(1) Figures 16(a) to (e) present the input upstream and downstream flow conditions.
These quantities rT!; p!; X or (VQ\ ; p' or total pressure loss; (rVg) or (vO ) are
all plotted against either stream function or radius, whichever was used as input.
(2) Figures 16(f) and (g) indicate hub and shroud blade sections plotted from input
data supplied by the user. All blade sections given as input are plotted.
(3) Figure 16(h) shows the hub and shroud channel geometry and the blade leading
and trailing edges.
(4) Figure 16(i) shows the generated orthogonal mesh.
(5) Figure 16(j) shows the streamline pattern for the final iteration of the reduced
massflow solution.
(6) Figures 16(k) and (I) show meridional velocities and blade surface velocities for
the hub and shroud blade sections for the same iteration. A similar plot is made along
each of the streamlines from hub to shroud.
Streamline and velocity plots similar to figures 16(j), (k), and (I) are repeated after
each iteration of the finitedifference streamfunction solution and also after the velocity
gradient solution.
43
.52
.30
.28
.26
.24
.22
.20
.18
.16 '
1
.14
2*>0 260 270 280 290 300 310 320 330 340 35
INPUT ARRAY  TIP
44
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1 70 165 160 155 150 145 140 135 130 125 12
ARRAY  VTHOUT
48
.00 .02 .04 .06 .08 .tO .\2 .14 .16 .16 .20
(f) Input blade sections from ZBL, RBL, THBL, and TNBL Blade
section 1.
Figure 16.  Continued.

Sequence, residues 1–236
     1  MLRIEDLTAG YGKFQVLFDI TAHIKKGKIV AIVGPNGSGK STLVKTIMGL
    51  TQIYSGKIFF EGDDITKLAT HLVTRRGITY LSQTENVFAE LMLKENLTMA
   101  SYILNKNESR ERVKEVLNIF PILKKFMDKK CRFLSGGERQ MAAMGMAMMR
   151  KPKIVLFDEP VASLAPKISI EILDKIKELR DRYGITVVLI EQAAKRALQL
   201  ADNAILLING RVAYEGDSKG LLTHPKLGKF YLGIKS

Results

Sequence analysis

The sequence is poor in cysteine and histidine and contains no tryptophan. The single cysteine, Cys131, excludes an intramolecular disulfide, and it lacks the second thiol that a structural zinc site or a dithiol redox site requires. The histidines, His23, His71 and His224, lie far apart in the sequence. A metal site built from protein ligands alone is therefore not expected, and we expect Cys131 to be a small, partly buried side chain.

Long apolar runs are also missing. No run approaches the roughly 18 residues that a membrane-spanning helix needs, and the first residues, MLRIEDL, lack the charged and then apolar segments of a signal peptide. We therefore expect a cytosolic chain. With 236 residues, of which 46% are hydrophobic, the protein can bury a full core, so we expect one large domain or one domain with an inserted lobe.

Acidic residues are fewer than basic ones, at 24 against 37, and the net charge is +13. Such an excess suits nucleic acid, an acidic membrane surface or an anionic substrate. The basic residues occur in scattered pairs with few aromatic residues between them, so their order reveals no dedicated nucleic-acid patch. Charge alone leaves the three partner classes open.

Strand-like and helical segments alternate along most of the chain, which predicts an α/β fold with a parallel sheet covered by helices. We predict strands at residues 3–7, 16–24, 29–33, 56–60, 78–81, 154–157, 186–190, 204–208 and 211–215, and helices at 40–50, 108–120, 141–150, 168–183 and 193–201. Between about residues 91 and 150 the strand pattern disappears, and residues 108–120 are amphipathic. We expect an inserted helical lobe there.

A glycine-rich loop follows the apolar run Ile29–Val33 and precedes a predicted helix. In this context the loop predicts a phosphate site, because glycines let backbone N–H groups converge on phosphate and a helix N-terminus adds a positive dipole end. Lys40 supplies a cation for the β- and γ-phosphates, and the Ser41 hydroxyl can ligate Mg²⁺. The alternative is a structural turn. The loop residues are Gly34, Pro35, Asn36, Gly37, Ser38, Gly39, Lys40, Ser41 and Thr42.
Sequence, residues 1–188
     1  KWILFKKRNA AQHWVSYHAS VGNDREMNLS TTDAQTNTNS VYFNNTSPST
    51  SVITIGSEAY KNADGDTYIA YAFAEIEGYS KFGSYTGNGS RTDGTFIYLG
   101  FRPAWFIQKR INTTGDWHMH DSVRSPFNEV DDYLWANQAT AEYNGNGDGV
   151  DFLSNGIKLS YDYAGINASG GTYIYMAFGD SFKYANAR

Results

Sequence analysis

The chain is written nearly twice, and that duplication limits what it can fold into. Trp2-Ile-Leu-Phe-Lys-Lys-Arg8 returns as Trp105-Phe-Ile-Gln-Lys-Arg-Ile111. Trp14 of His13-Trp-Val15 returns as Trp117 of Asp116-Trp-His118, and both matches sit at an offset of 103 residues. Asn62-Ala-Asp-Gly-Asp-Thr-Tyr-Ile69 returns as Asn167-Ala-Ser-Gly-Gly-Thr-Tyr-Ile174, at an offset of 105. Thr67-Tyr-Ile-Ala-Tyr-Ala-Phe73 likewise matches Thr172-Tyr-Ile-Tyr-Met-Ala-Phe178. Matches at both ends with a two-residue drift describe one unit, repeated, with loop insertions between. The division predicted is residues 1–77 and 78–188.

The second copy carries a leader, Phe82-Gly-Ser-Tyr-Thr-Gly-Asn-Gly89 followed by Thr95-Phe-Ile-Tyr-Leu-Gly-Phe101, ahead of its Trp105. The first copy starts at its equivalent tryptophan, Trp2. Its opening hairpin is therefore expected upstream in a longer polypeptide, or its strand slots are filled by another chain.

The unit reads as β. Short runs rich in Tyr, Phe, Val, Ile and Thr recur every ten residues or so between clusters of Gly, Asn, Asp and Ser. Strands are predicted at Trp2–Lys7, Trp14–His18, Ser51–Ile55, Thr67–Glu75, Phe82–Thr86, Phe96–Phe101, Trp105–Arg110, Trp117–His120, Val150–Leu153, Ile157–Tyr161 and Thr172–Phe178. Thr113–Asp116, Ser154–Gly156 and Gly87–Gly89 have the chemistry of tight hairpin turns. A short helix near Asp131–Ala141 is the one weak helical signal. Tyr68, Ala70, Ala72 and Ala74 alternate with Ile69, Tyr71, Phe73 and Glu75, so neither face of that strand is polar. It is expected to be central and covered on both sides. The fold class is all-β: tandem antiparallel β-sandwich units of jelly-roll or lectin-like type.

49
.18
.16
.14
¥
.12
I •»•
i
£
^i .08
z
i«_» °6
M
I
LJ
C3
I K
.00
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.00 .02 .04 .06 .06 .10 .12 .14 .16 .18 .20
(g) Input blade sections from ZBL, RBL, THBL, and TNBL. Blade
section 11.
Figure 16.  Continued.
50
B
Z DIRECTION
51
or
Z DIRECTION
52
Z DIRECTION
53
.100 .075 .050 .025 .000 .025 .050 .075 .100 .125 .150 .175
54
.100 .075 .050 .025 .000 .025 .050 .075 .100 .125 .150 .175
KRIDIONAL COORDINATE
55
Error Messages
A number of error messages have been incorporated into the program. These error
messages are listed here. Suggestions for finding and correcting the cause of the error
are given.
The input dictionary gives the maximum and minimum value for all these input variables.
This message is printed if the choking mass flow at the upstream (downstream) bound
ary of the mesh region is less than the input mass flow (MSFL). Usually, the mass flow
must be reduced, or there is an error in the input upstream (downstream) flow condi
tions. Also check hub and shroud coordinates at boundary.
This is usually caused by having supersonic flow in some region of the reducedmass
flow solution. Try a smaller value for REDFAC.
56
UPSTREAM WHIRL OR TANGENTIAL VELOCITY IS TOO LARGE
This message is printed if the upstream whirl gives a tangential velocity so large as to
result in a negative relative stagnation temperature. The upstream whirl or tangential
velocity given as input should be corrected.
If there is a problem in obtaining the approximate transonic solution for any particular
mesh line, the attempt will be halted after 100 iterations, and this message will be
printed. The problem may be caused by complex geometry or large gradients in up
stream or downstream flow conditions. Sometimes a finer mesh will help.
This message is printed if the choking mass flow calculated by subroutine TVELCY is
less than the input mass flow (MSFL). The following message will be printed after all
vertical lines have been checked.
If the previous message was printed for any vertical mesh line, then this message will
be printed at the end to give the minimum choking mass flow, which is the choking mass
flow for the blade row.